Hundreds of Lebanese mothers held a sit-in today calling on the government to change the law and allow them to pass on their citizenship to their children.
According to Lebanese law the children of women who are married to foreign men are not eligible for the Lebanese nationality.
Protesting in Riad El-Solh Square in central Beirut ahead of the parliamentary elections which are due to be held on 6 May, the women said: "This right is vested in women, and every candidate will be held accountable through the ballot boxes on polling day."
According to Nadra Daaboul, a member of the coordinating body of the campaign launched in 2011, 70,000 Lebanese women are married to men who are not Lebanese and 100,000 children who should be eligible for citizenship.
"Most of the Lebanese parliamentarians reject our calls under the pretext of demographic imbalance," Daaboul told the Anadolu Agency.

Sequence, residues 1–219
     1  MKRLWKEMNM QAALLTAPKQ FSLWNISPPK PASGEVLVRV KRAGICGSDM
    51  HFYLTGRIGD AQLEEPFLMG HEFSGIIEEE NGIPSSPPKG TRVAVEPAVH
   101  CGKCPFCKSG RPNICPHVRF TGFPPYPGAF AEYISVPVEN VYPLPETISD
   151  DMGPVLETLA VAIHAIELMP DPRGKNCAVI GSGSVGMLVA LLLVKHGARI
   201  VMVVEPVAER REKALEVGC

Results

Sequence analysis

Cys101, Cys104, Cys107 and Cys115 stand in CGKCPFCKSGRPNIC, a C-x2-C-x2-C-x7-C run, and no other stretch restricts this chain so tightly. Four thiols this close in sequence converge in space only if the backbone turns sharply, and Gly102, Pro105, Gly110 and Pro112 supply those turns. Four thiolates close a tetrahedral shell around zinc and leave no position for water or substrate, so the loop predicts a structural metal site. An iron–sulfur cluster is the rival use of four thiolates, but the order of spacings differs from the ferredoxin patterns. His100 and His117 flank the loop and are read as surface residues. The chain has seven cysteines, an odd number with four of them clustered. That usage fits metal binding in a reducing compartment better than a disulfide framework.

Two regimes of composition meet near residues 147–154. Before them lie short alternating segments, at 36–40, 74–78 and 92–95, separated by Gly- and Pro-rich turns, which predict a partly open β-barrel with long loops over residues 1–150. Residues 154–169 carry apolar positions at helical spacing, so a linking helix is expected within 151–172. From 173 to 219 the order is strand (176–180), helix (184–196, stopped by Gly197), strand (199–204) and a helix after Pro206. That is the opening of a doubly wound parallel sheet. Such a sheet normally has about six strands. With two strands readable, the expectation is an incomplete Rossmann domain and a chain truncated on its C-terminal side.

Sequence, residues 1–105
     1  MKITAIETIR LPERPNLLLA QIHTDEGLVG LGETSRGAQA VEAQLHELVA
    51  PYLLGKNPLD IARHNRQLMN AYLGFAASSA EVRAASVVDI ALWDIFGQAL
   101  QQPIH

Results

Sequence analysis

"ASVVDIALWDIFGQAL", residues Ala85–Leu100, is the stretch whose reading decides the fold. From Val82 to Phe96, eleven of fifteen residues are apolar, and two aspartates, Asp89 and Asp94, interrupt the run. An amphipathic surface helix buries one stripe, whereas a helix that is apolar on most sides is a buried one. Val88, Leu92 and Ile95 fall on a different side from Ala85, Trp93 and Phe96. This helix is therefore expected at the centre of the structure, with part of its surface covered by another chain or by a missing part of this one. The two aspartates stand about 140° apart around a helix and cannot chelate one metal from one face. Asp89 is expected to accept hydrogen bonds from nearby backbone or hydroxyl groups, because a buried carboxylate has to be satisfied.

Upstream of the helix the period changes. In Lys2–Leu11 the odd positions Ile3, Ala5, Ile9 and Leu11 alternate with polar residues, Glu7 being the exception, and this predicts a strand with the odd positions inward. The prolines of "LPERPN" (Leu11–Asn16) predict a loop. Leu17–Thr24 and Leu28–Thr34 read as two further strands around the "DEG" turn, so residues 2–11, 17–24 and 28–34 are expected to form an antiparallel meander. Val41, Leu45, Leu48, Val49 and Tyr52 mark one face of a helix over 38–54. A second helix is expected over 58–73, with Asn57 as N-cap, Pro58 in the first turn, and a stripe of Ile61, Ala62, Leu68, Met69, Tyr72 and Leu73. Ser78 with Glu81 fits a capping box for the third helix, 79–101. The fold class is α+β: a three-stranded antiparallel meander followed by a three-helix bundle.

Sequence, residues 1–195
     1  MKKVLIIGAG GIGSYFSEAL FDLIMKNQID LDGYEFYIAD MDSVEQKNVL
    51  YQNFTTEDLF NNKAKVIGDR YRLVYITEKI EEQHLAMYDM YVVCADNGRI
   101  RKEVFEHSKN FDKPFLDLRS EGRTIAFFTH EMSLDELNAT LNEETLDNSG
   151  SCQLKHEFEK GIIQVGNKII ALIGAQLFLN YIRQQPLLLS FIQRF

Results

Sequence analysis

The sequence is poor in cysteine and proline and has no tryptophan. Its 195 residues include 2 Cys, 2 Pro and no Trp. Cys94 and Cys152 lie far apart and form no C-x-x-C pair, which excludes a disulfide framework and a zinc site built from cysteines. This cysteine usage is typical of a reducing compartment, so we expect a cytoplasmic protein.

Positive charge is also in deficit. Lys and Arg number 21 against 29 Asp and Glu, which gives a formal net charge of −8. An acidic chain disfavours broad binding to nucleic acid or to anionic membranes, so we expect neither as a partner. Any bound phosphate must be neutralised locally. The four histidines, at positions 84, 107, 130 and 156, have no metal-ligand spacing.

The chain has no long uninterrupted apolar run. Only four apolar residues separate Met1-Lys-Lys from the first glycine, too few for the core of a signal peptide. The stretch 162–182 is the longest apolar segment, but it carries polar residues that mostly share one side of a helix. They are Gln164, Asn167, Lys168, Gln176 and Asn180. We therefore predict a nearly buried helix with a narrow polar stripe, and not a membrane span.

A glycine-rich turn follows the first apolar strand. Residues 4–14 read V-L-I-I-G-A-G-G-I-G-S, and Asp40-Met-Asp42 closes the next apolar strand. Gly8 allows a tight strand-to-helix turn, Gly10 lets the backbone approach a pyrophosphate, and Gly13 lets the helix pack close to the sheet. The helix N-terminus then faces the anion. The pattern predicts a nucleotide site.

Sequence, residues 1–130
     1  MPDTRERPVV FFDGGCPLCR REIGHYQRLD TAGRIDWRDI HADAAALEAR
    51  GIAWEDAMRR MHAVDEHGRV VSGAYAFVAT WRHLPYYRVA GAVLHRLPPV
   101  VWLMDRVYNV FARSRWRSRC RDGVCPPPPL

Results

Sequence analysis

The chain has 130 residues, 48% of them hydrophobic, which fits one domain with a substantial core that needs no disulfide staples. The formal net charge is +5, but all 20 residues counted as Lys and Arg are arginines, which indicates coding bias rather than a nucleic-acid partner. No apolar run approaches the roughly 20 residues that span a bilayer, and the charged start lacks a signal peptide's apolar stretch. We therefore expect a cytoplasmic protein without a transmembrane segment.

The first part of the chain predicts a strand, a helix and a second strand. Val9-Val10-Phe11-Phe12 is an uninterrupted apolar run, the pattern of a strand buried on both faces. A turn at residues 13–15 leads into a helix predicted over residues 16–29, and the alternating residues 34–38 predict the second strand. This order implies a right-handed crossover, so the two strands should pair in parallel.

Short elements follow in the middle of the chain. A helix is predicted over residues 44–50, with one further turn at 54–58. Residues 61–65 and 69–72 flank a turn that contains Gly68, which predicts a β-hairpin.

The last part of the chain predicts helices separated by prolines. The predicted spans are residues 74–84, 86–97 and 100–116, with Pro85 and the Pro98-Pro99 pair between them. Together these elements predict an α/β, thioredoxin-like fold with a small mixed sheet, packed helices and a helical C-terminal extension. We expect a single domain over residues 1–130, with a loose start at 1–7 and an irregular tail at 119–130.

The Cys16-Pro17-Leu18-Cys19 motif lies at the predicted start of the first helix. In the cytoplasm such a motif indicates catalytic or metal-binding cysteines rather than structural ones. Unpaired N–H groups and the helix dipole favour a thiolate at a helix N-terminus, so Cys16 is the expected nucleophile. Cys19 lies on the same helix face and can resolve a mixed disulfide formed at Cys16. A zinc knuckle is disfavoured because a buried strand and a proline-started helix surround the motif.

"As a mother I suffered," she said. "I am obliged every three years to renew their [my children's] residency," said May Elian, a campaign volunteer who is married to an Egyptian Christian.
"Not only that; they are denied jobs and free medicines from the ministry [of health] or access to social security."
"It is not true, as it is rumored, that a specific sect (in reference to the Sunnah) constitutes the kebab egg in this equation."
According to the law issued during the French Mandate of Lebanon in 1925, a citizen is considered Lebanese if he or she is born to a Lebanese father.
Since 2006, women's and civil society organisations have lobbied the Lebanese government to pass a law allowing the Lebanese mother to grant citizenship to her children.
A large number of parliamentarians reject the calls because they fear that it will change the demographics on the ground and increase the percentage of Sunni Muslims in the country.